You must take Nateglinide (Glinate) medication regularly as prescribed for the maximum benefits. Ensure that you don’t run out of medication by refilling before the existing one gets over. Always store Nateglinide medication in a cool and dry place.
What if I miss a dose?
If you miss a dose of Nateglinide, take it as soon as you remember but only if you are going to take a meal in the next half an hour. Don’t take the missed dose if the time to take the next dose is almost up. Taking multiple doses near to each other can lead to excess medication in your body which can be dangerous.
What if I overdose?
If you take an overdose of Nateglinide and experience any serious conditions, seek emergency medical help or call the Doctor Immediately. You may experience symptoms of severe hypoglycemia such as severe weakness, blurred vision, sweating, speech troubles, shaking, stomach ache, confusion, or seizure.
What should I avoid while taking Nateglinide?
Alcohol is a strict No-No while taking Nateglinide as alcohol lowers the blood sugar level and can cause hypoglycemia with this medicine.
Nateglinide Side Effects
Get emergency medical attention if you witness some allergic reactions to Nateglinide like hives, breathing difficulty, swelling in face, lips, tongue, or throat. You may also see some severed side effects of this medication like seizure or jaundice (yellowing of skin and eyes). Some less serious side effects are runny or stuffy nose, sneezing, cough, cold or flu symptoms, diarrhea, nausea, back ache, dizziness, or joint pain or stiffness.
These are not a complete set of side effects which you may experience due to Nateglinide usage. There may be other side effects. Discuss about the side effects with your doctor.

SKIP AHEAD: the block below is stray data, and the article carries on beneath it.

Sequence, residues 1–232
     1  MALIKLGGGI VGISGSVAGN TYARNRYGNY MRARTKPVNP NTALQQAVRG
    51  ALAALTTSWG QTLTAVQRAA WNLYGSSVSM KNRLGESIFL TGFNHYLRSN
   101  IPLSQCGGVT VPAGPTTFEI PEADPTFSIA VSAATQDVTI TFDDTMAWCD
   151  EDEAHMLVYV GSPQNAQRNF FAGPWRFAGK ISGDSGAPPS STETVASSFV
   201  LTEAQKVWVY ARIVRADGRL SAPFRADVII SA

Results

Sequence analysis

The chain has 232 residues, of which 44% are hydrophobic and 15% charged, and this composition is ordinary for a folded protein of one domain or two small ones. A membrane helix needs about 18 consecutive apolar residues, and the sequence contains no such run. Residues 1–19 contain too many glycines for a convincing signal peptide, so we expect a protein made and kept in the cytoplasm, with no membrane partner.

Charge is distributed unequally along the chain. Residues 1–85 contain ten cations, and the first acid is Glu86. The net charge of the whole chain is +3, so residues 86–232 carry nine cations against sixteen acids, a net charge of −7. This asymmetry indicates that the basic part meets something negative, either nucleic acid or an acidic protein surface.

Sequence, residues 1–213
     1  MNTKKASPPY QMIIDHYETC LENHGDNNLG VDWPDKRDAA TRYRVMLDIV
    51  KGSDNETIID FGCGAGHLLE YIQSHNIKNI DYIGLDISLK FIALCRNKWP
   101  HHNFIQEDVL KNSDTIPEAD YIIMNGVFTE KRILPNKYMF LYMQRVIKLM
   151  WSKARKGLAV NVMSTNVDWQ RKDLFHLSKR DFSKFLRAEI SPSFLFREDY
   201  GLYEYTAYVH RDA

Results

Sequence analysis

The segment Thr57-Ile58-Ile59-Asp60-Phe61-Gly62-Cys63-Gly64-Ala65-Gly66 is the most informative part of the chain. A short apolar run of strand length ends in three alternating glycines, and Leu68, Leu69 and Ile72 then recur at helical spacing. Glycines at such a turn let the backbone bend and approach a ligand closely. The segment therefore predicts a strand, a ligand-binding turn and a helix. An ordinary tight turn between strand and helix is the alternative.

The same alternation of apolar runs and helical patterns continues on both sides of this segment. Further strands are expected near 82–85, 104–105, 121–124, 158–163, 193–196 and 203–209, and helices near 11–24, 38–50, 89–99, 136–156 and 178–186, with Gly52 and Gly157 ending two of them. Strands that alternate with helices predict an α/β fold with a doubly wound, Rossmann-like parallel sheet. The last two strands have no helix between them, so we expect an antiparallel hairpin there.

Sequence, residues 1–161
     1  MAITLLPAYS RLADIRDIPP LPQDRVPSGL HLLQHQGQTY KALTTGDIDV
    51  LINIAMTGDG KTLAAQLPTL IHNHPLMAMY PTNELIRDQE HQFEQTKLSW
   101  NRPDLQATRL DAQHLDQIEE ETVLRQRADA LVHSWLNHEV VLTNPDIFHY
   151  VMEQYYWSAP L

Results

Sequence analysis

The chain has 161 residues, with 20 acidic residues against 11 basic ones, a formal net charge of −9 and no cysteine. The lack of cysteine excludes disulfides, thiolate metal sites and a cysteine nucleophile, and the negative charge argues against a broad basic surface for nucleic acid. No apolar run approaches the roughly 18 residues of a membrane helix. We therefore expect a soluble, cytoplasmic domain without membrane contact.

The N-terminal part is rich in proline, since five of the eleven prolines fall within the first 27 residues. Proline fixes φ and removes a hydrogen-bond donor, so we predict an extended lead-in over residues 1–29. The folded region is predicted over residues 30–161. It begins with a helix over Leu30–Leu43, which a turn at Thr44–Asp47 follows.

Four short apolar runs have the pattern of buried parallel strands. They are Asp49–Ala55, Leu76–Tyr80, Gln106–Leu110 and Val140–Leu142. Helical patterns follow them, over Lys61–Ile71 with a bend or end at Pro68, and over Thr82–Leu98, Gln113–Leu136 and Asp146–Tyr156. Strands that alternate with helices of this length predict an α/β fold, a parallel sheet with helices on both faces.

Nateglinide Dosing Information
Nateglinide dosage will be fixed by your doctor after examining you properly. Stick to your doctor’s prescription strictly. Normal dosage of Nateglinide for type 2 diabetes is 120 mg orally thrice a day before meals or 60 mg thrice a day before meal (for those who are near the target of HbA1c).
Interaction with other drugs
Glinate may interact with other medications. Using a beta blocker can make it difficult for you to tell when you have low blood sugar. Let your doctor if you take atenelol, carvedilol, labetalol, metoprolol, nadolol, propranolol, sotalol, and others.
You may get hyperglycemia (high blood sugar ) if you take Nateglinide with these medications: diuretics; isoniazid; steroids; birth control pills and other hormones; diet pills or medicines to treat asthma, colds or allergies; thyroid medicine; niacin; or phenothiazines.
You may get hypoglycemia (low blood sugar) if you take Nateglinide with these medications: exenatide; some nonsteroidal anti-inflammatory drugs; aspirin or other salicylates; exenatide; sulfa drugs; a monoamine oxidase inhibitor; other oral diabetes medications like acarbose, metformin, miglitol, rosiglitazone or others.
The drug interactions mentioned thus are not all the possible interactions which you may see due to Nateglinide. There may be others as well. Share the list of all type of medications and related products which you are using with your doctor and never start a new medication without his or her advice.